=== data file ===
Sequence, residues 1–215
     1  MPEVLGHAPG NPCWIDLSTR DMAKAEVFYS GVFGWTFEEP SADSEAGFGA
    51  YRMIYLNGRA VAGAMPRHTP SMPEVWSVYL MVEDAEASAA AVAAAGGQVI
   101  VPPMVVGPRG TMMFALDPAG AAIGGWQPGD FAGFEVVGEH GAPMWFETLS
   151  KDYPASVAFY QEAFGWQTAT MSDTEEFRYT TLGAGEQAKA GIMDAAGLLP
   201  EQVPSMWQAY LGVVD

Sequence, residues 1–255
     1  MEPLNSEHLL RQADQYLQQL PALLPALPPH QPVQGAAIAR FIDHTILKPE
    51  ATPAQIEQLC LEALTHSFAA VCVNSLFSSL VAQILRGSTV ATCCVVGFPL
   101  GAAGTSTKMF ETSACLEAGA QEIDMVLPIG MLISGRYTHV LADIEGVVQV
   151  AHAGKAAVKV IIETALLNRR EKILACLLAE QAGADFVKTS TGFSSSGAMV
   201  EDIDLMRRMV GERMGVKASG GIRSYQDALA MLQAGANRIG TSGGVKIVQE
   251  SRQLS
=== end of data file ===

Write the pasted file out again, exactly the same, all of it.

Sequence, residues 1–215
     1  MPEVLGHAPG NPCWIDLSTR DMAKAEVFYS GVFGWTFEEP SADSEAGFGA
    51  YRMIYLNGRA VAGAMPRHTP SMPEVWSVYL MVEDAEASAA AVAAAGGQVI
   101  VPPMVVGPRG TMMFALDPAG AAIGGWQPGD FAGFEVVGEH GAPMWFETLS
   151  KDYPASVAFY QEAFGWQTAT MSDTEEFRYT TLGAGEQAKA GIMDAAGLLP
   201  EQVPSMWQAY LGVVD

Sequence, residues 1–255
     1  MEPLNSEHLL RQADQYLQQL PALLPALPPH QPVQGAAIAR FIDHTILKPE
    51  ATPAQIEQLC LEALTHSFAA VCVNSLFSSL VAQILRGSTV ATCCVVGFPL
   101  GAAGTSTKMF ETSACLEAGA QEIDMVLPIG MLISGRYTHV LADIEGVVQV
   151  AHAGKAAVKV IIETALLNRR EKILACLLAE QAGADFVKTS TGFSSSGAMV
   201  EDIDLMRRMV GERMGVKASG GIRSYQDALA MLQAGANRIG TSGGVKIVQE
   251  SRQLS